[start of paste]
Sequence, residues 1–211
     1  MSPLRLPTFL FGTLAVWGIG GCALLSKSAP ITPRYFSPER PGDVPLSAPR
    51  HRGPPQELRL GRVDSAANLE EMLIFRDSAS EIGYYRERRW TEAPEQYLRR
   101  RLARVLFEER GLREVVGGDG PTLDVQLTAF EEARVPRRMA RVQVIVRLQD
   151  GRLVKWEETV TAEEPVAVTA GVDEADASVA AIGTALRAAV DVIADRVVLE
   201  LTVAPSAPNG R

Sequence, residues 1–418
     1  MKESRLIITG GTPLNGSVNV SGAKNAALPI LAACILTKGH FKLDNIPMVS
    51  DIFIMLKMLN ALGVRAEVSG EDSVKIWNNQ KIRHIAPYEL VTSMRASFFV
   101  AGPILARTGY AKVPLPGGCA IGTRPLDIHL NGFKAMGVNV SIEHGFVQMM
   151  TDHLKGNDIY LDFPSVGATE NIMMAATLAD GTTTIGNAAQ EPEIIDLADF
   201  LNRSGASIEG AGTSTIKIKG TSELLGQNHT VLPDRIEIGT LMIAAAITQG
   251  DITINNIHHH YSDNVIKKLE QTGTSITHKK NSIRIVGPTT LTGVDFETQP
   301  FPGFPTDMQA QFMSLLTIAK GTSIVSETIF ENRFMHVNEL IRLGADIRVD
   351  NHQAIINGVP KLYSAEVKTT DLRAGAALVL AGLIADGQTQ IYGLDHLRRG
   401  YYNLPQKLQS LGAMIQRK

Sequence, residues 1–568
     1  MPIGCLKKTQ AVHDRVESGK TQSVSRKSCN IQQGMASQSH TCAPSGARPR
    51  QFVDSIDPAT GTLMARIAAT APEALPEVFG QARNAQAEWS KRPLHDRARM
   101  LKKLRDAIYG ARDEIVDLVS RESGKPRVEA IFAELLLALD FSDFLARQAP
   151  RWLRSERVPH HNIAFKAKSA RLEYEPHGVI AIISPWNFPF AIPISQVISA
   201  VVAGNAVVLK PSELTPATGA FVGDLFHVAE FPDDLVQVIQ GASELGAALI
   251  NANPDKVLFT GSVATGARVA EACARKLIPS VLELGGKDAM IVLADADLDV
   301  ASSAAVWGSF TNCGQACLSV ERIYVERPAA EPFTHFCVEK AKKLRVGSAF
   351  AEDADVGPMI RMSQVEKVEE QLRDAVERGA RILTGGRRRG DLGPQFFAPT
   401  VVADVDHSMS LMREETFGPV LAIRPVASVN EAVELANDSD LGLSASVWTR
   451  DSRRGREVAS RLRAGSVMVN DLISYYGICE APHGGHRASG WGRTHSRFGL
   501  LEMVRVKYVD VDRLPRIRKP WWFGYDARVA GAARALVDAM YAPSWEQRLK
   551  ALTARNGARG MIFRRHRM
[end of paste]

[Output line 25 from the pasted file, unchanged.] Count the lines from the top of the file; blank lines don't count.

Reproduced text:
   351  AEDADVGPMI RMSQVEKVEE QLRDAVERGA RILTGGRRRG DLGPQFFAPT